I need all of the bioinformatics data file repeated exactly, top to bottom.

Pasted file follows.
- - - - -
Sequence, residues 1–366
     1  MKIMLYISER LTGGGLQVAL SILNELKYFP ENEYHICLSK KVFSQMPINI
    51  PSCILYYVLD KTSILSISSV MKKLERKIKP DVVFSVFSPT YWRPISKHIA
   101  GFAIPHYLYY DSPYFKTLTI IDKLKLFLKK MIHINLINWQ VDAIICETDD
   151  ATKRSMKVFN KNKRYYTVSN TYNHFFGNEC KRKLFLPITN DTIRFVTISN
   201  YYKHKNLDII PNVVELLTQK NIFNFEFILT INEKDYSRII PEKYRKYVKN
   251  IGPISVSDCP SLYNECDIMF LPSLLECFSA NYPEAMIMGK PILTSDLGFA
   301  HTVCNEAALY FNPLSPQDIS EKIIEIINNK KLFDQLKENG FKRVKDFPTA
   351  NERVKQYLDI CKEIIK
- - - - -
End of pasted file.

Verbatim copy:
Sequence, residues 1–366
     1  MKIMLYISER LTGGGLQVAL SILNELKYFP ENEYHICLSK KVFSQMPINI
    51  PSCILYYVLD KTSILSISSV MKKLERKIKP DVVFSVFSPT YWRPISKHIA
   101  GFAIPHYLYY DSPYFKTLTI IDKLKLFLKK MIHINLINWQ VDAIICETDD
   151  ATKRSMKVFN KNKRYYTVSN TYNHFFGNEC KRKLFLPITN DTIRFVTISN
   201  YYKHKNLDII PNVVELLTQK NIFNFEFILT INEKDYSRII PEKYRKYVKN
   251  IGPISVSDCP SLYNECDIMF LPSLLECFSA NYPEAMIMGK PILTSDLGFA
   301  HTVCNEAALY FNPLSPQDIS EKIIEIINNK KLFDQLKENG FKRVKDFPTA
   351  NERVKQYLDI CKEIIK